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Santa Monica Rents Drop for First Time This Year
By Jorge Casuso
December 1, 2021 -- Rents in Santa Monica dipped by 1.8 percent last month, marking the first decrease since last December, according to Apartment List's latest monthly report.
The drop comes as rents nationwide grew by 0.1 percent, the lowest month-to-month increase this year, according to the report released Monday.
Still, rent growth nationwide is "outpacing pre-pandemic trends," with the median rent increasing by a "staggering" 17.8 percent since January, according to the report.
That compares to an average of 2.6 percent during the same period from 20017 to 2019.
That is especially the case in "expensive coastal markets" like Santa Monica "that saw steep rent drops in 2020 and fast rent rebounds in 2021," the researchers said.
Santa Monica rents grew by 16.4 percent this year, reflecting a national spike, according to the report.
But while rents nationwide dipped an average of 1.3 percent in 2020 between January and November, Santa Monica rents plummeted by 14.7 percent.
Median rents in Santa Monica currently stand at $2,092 for a 1-bedroom apartment and $2,631 for a two-bedroom, based on listings on the popular rental site.
In neighboring Los Angeles -- where rents are up by 14.1 percent compared to the same time last year -- rents ticked up 0.1 percent over the past month.
Santa Monica's rent dip in November reflected a trend seen in 53 of the nation's 100 largest cities, with the largest declines coming in fast-growing cities that saw major rent growth this year.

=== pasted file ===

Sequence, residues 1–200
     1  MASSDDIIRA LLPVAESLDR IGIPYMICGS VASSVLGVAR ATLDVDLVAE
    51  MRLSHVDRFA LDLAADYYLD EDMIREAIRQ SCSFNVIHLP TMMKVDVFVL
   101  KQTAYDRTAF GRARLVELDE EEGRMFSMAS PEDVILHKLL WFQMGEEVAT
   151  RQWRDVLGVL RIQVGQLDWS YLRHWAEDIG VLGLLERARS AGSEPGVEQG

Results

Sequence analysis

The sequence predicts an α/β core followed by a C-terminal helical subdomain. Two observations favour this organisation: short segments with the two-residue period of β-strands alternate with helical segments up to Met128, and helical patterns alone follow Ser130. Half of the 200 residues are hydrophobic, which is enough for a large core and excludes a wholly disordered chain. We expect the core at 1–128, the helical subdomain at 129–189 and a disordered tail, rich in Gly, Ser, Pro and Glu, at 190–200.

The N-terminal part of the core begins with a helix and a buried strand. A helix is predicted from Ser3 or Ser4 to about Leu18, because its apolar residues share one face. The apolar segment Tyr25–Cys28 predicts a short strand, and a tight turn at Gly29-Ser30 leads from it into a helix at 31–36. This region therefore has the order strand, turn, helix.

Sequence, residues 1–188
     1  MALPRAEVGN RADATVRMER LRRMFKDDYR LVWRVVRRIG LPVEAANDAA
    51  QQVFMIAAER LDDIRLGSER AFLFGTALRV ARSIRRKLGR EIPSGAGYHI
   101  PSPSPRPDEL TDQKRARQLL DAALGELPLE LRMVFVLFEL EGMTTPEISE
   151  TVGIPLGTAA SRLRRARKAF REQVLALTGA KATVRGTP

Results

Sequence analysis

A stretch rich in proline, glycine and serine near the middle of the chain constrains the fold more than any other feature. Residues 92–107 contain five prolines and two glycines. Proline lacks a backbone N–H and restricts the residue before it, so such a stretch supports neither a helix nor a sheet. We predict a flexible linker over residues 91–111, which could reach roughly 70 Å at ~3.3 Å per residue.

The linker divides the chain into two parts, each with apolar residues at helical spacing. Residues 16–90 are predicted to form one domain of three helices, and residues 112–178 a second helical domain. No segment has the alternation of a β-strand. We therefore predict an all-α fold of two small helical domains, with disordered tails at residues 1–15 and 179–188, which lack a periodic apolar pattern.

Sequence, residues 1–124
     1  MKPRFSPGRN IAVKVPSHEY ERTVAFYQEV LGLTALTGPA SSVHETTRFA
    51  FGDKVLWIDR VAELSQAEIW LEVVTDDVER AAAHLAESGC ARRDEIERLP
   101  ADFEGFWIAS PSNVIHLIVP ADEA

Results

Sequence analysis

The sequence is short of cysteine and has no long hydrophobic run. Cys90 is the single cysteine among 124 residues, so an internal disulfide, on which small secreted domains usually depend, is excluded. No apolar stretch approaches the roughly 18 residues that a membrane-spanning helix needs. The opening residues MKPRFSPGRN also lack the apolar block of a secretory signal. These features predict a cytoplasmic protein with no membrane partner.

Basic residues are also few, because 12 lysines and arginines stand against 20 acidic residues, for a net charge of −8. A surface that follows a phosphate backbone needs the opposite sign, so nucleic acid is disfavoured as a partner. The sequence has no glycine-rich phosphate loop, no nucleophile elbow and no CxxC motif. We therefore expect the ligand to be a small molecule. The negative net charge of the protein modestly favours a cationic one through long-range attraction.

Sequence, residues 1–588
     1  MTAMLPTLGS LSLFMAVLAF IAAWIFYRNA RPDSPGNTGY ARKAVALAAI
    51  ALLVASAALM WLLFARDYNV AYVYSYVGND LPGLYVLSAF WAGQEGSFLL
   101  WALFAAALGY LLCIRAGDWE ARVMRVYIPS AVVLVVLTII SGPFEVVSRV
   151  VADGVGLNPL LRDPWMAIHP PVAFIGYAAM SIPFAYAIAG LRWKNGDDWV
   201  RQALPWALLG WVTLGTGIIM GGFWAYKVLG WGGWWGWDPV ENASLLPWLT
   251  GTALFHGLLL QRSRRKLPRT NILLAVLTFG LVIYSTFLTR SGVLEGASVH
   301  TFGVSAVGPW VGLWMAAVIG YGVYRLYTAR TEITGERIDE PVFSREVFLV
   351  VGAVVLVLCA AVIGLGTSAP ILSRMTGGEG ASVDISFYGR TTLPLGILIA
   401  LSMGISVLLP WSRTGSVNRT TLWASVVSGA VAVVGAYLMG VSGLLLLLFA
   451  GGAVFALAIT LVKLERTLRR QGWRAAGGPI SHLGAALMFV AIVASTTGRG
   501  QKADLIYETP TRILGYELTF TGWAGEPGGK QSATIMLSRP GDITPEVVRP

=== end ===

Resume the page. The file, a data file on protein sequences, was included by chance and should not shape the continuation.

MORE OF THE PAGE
They also fell in some of the nation's most expensive cities, with San Francisco seeing rents drop by 2.7 percent, Seattle by 2.1 percent and Boston by 1.9 percent.
"A slowdown in rent growth during the fall and winter is typical due to seasonality in this market, but this year the seasonal slowdown is capping a year that has been characterized by unprecedented price increases," the researchers said.
Apartment List researchers attribute this year's booming rent growth to "a tight market in which more households are competing for fewer vacant units."
But that has been changing, as the vacancy index "ticked up for a third straight month and month-over-month rent growth was essentially flat," according to the report.
"The market remains extremely tight, but we’ve now seen continued signs of that pressure gradually beginning to ease," researchers said.
Still, "even if rent growth is finally cooling, this year’s rent boom has already burdened many American renters with significant new housing affordability woes," the report concluded.
Apartment List Rent Report data is drawn monthly from the millions of listings on the site, according to the website.
The report calculates one-bedroom and two-bedroom rents and aims to identify transacted rent prices, as opposed to the listed rent prices. To view the full report click here.
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